Urinary Tract Infections and Pregnancy
Urinary Tract Infections (UTIs) are common. Their prevalence during pregnancy is estimated to be between 2 and 10%, which is similar to the prevalence in non-pregnant women. However, being pregnant does complicate things. For example, it is generally recommended to avoid antibiotics during the first trimester and, if they have to be taken, it is important to discuss with your doctor which ones provide the fewest risks to you and your unborn baby.
Diagnosing UTIs during pregnancy
Most women will have acquired their UTI prior to falling pregnant and many remain asymptomatic. This is one reason why a urine sample is requested during pregnancy (doctors also use the urine sample to check for high sugars, which might be an early warning sign of gestational diabetes and proteins, which can be indicative of preeclampsia).
Left untreated, 30-40% of asymptomatic UTIs progress to pyelonephritis. Pyelonephritis can be very unpleasant. It has an overall incidence rate of approximately 2% in pregnant women, compared to <1% of the general population. The most obvious symptoms are lumbar pain, vomiting, fever (>38°C) and tenderness in the area between the lower ribs and the spine. One in five women with pyelonephritis will also have septicaemia and most will require hospitalisation and IV antibiotics for at least 48 hours.
One of the most well-known forms of symptomatic UTI is cystitis. Common symptoms include cloudy urine, a frequent need to urinate and dysuria. Symptomatic UTIs and pyelonephritis correlate with an increased risk of premature delivery and low birth weight. However, studies to date have failed to ascertain the overall contribution of the conditions to preterm births. A rare, but serious complication of UTIs in pregnant women is the risk of transmission to the baby during delivery.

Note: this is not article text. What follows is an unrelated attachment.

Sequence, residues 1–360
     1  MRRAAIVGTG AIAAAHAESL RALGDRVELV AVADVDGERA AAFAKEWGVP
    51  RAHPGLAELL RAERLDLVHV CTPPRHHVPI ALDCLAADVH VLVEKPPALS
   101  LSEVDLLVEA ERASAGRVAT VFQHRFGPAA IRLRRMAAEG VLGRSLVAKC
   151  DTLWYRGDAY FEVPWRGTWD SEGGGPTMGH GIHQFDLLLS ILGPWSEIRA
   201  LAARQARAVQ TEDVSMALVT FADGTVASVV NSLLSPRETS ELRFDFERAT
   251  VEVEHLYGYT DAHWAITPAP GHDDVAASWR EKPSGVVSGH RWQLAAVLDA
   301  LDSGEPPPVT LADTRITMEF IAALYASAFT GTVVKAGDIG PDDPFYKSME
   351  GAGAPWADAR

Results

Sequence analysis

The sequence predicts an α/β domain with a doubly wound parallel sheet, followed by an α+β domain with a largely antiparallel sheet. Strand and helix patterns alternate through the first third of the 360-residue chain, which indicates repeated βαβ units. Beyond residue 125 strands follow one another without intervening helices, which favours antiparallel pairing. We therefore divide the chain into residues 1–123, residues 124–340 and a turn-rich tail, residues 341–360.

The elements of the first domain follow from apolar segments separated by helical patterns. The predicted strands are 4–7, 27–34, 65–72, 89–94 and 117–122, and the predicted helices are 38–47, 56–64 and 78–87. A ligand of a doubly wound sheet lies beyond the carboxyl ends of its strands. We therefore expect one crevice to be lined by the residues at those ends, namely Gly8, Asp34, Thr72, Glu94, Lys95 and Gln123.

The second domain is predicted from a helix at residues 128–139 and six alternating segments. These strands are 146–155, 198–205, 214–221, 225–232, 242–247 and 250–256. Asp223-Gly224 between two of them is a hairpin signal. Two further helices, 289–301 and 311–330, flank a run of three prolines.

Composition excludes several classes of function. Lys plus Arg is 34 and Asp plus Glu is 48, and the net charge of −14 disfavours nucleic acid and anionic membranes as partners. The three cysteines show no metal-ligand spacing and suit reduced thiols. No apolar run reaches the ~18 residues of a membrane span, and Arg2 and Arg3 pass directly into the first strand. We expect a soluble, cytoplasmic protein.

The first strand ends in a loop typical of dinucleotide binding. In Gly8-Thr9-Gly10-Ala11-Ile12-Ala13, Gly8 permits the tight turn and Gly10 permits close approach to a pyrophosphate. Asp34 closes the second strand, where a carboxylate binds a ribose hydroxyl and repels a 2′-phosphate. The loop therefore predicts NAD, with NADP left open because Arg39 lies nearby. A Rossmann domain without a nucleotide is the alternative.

Treating UTIs during pregnancy
Usually the treatment of choice for UTIs are antibiotics, however, as most have been shown to cross the placenta, care must be taken when choosing which one to prescribe. Streptomycin and tetracycline should definitely be avoided due to their teratogenic properties. Derivatives of penicillin, such as amoxicillin, and cephalosporins are generally considered to be amongst the safest options. Their safety profiles and mechanisms of action are better understood than the newer drugs as they have been in the market for longer.
As with many aspects of health, prevention is certainly the best option. Whilst the incidence of UTIs does not increase significantly during pregnancy, changes to the structure and composition of the urinary tract and increased urine retention do provide optimal conditions for the growth of bacteria. Certain steps can help to minimise the risk of acquiring a UTI.
Does cranberry juice help to prevent UTIs?
Cranberry juice has long been recommended as an aide for avoiding and/or helping to manage UTIs. Studies show that cranberry consumption may prevent bacteria from attaching to the walls of the urinary tract and may reduce the inflammatory response that happens following exposure to bacteria. However, some experts question whether regular cranberry juice contains sufficient active ingredients to have a therapeutically beneficial effect. The general consensus is that those women who experience recurrent UTIs might benefit from cranberry supplementation and that prophylactic use is unlikely to do any harm.
What other steps can be taken to reduce the risk of UTI?
Aside from cranberry juice, other fruit juices are best avoided in favour of water. Remaining hydrated is important, so aim to drink between 1.5 and 2 litres of water a day. Maintain good hygiene by keeping the genital area clean, but avoiding douching, particularly during pregnancy. Douching has been associated with an increased risk of pelvic inflammatory disease. Use mild soaps that are free of harsh ingredients and synthetic detergents. Finally, maintain good toilet habits; go to the toilet as soon as you feel the urge, as holding urine in your bladder for longer than necessary can increase the exposure to bacteria. Bouts of diarrhoea and constipation can also increase your susceptibility to UTIs if bacteria from the rectum enters the vagina.
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